The F Word

A few weeks ago, my nineteen year-old niece asked me if I was a feminist. I wasn’t able to give her a ‘yes’ or ‘no’ answer. It’s a question I have asked myself once or twice over the past number of years, and I’m still not sure.

Growing up in Ireland in the 1980s and 1990s, ‘feminism’ was derisively referred to as ‘Women’s Lib’. Those who pioneered it – such as Nuala O’Faolain, Nell McCafferty, Mary Kenny and June Levine were branded by many as nothing more than trouble-makers. And it wasn’t just men who were scathing in their references to these women who were pushing for equal status. Many women, too, were uncomfortable with the changes and struggled to maintain the status quo.

In the house where I grew up ‘Feminism’ was synonymous with disgruntled bra burners who wanted more than they were entitled to. Women who hated men. Women who were malcontent and keen to stir up trouble for trouble’s sake. Women who were not content to be women.

I was always uncomfortable identifying myself as a ‘feminist’. Mostly, when I was asked if I was one, I would cautiously assert myself as someone who was keen on the idea of equality for all; regardless of sex, gender, sexual orientation, cultural background, religious persuasion etc. I had no desire to relinquish my femininity for the good of any cause.

With regard to male-female relations, I have a desire for equality – which is not sameness.  I would like men and women to be treated equally, by governments, industries, employers and each other. ‘Equal’ does not mean ‘identical’. Equal means ‘same in status’.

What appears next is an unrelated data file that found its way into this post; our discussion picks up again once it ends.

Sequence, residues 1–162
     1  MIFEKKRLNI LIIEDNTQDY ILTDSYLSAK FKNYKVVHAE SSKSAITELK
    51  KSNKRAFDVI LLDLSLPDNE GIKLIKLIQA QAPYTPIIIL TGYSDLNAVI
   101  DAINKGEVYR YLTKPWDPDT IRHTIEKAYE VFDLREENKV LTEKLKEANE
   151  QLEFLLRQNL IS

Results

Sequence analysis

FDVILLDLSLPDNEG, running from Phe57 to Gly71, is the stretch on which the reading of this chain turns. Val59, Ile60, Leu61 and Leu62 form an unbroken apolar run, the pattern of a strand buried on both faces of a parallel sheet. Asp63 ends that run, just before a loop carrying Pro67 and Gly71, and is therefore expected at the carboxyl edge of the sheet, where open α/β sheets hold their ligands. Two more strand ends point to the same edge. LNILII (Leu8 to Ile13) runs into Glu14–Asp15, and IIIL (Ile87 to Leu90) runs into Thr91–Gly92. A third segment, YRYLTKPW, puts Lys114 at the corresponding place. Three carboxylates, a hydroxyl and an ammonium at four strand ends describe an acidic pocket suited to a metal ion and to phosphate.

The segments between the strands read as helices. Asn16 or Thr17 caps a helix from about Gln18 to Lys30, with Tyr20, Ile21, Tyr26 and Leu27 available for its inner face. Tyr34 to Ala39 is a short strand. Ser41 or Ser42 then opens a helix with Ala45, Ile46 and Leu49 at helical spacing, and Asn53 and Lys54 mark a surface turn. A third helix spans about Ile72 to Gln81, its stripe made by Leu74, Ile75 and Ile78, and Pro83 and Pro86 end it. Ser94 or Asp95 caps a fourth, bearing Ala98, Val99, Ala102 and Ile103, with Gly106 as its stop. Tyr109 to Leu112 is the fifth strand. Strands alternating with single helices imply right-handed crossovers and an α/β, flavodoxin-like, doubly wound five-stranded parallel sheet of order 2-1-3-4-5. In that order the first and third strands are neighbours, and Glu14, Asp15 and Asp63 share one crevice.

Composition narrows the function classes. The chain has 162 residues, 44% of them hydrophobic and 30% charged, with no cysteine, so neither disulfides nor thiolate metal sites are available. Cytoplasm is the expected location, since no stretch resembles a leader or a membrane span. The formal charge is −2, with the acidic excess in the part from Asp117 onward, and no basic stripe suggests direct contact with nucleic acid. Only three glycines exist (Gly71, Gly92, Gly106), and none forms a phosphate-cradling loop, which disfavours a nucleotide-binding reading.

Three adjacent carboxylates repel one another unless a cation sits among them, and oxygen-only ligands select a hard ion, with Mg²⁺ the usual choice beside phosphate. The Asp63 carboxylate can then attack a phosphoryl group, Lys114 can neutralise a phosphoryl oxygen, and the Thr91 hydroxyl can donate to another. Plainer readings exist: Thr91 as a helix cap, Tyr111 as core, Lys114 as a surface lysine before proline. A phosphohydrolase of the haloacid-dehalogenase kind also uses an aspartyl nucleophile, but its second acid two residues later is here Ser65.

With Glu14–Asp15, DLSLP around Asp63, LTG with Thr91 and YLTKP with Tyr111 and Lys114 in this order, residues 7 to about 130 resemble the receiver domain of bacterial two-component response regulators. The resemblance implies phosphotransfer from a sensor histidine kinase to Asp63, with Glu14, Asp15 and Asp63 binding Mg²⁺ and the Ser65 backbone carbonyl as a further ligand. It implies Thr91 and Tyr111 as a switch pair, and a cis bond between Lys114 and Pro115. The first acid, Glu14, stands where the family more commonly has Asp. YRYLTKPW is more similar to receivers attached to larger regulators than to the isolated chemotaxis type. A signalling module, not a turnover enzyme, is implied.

I would dearly like to see women and men same in status to each other. If that makes me a feminist, then I guess, reluctantly, that that is what I am.

Published by

Hazel Katherine Larkin


2 thoughts on “The F Word”

  1. Unfortunately, feminist have gotten a bad rap. The so called trouble makers were the instruments of change and people are afraid of change. The suffragettes were labeled in very much the same mode. And all they wanted was the vote. The rest of us benefit from these brave outspoken women. It is their actions that allow us to enjoy the equalities we do today.

    Thanks for giving me something to rant about today. Better now!


    1. I don’t consider your comments ‘ranting’! And I agree with you – the agitators of yesterday are the heroines of today.

      It saddens me that today, in a so-called ‘first world’ country (Ireland), women still don’t have much freedom when it comes to fundamental things like where and how to birth. The paternalistic society we live in here sees women being cowed during their labours and ‘told’ what to do – usually by men. Ireland is the only country in the world where the CEOs of maternity hospitals are called ‘Masters’. If objecting to and opposing that makes me a feminist – then that’s what I am!


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